Makower on the Green Business Bubble: There isn’t one

earth_bubble.jpgHaving been thinking about “Green” for a long time, I’ve been very concerned lately about the idea that we’re in the midst of a bubble in terms of public awareness of environmental issues. If I were Alan Greenspan I might be calling for a ‘cooling of an overheated economy’ – the fear is that people are jumping on this bandwagon without much of a clue and that if any number of things, like a crash in oil prices, were to happen then interest would evaporate like just another fad…
But when you look specifically at the greening of business, you get a much different story, with a much rosier future:

Joel Makower’s excellent piece the other day sums it up: Green Business, as a public interest, may have appeared seemingly overnight in the media, but the principals and practice behind it have been decades in the making. Makower points out ten important points, summed up by: “The environment is now being seen increasingly as a potential value-add, not merely a cost to be minimized.”
And, I might add – doing things “greener” will be even more critical in the developing world as resource availability (including fresh water) becomes more of an issue. The US has barely begin to have the problems that are already plaguing India and China. If companies from those regions learn to do things in vastly cleaner and more efficient ways, where does that leave the of the US?

Nick Aster is a new media architect and the founder of has grown to become one of the web's leading sources of news and ideas on how business can be used to make the world a better place.

Prior to TriplePundit Nick worked for Mother Jones magazine, successfully re-launching the magazine's online presence. He worked for, managing the technical side of the publication for 3 years and has also been an active consultant for individuals and companies entering the world of micro-publishing. He earned his stripes working for Gawker Media and Moreover Technologies in the early days of blogging.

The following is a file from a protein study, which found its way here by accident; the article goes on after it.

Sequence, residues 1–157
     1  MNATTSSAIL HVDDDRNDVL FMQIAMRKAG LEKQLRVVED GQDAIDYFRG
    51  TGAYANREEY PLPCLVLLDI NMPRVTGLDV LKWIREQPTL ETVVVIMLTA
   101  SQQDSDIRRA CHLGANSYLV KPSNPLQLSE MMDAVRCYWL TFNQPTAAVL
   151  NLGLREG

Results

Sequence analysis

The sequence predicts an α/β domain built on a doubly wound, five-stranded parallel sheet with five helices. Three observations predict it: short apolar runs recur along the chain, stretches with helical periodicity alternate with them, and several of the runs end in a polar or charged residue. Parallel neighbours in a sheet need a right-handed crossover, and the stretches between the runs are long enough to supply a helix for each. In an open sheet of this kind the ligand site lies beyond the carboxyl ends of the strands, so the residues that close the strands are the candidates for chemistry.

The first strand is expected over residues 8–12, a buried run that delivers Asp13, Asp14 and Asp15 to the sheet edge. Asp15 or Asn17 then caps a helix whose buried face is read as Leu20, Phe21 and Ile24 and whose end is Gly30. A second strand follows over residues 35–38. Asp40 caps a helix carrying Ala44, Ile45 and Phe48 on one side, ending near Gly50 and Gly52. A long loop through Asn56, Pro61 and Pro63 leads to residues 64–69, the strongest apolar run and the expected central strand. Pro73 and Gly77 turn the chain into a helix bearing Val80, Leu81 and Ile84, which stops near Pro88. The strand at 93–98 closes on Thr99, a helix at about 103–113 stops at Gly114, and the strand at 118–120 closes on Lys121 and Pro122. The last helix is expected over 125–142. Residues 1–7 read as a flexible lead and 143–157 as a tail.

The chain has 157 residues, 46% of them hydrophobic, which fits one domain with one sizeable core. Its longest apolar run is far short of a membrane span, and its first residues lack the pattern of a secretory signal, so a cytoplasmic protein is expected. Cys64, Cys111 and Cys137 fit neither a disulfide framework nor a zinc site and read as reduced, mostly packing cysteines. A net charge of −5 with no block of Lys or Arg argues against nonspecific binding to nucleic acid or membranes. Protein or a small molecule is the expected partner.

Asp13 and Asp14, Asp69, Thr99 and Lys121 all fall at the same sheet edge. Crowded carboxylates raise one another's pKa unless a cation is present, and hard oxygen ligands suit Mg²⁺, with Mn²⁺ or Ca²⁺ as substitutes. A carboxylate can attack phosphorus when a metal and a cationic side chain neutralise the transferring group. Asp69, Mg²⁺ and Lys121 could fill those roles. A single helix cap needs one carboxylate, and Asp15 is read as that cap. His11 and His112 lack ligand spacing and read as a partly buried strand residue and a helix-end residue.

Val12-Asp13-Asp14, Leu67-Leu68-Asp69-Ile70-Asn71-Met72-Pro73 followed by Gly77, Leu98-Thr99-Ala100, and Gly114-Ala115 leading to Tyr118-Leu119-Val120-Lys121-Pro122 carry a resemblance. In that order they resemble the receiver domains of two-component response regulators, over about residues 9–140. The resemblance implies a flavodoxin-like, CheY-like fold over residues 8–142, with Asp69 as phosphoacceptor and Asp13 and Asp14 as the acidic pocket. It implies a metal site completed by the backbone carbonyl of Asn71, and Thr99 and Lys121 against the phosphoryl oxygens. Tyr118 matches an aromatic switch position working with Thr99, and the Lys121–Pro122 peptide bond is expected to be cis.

Nick holds an MBA in sustainable management from the Presidio School of Management and graduated with a BA in History from Washington University in St. Louis.

One response

  1. – As posted on Joel Makower’s “Two Steps Forward”-
    There certainly is money to be made in survival!
    Do-gooders aside, smart capital flows like water or electricity, down the most efficient and logical path. This is the financial opportunity presented by a green-centric economy.
    More thoughts-
    A huge part of sustainable or green business viability is the notion that there is financial opportunity. However, the systems that much of industry employs in operation are in many ways not built to handle green objectives, efficiently.
    Fortune Magazine’s, July, 2004 print had a front cover titled “America, the 97-Pound Weakling”. This article focused on America’s lack of powerful intellectual resources.
    The article implies (and I am inclined to agree)that we have fooled ourselves into thinking that we are, as a nation, the crème de la crème of global industrial and intellectual prowess.
    Intellectual resources are what drive resource and product development and efficiency. Efficiency is the backbone of greenness, and so on…
    This is where I see the biggest weakness being in newly emerging green markets. There is a lack of intellectual capital, in relation to well-meaning people and business. Without the intellectual capital to ‘make it happen’, humans may not catch up with our out of control consumption and degradation!
    Finally, it is difficult to expect that developing nations, like China and India will help lead the way, when their citizens live in conditions that most Americans can’t even imagine. These nations may solve aspects of basic needs sustainability, but not American-style, frivolous consumer sustainability.
    What is the formula and roadmap?
    Where will the brain-capital come from?
    Who is willing to give up what, so that others can survive?
    Will we be able to answer these questions, fast enough to secure our future as a species?

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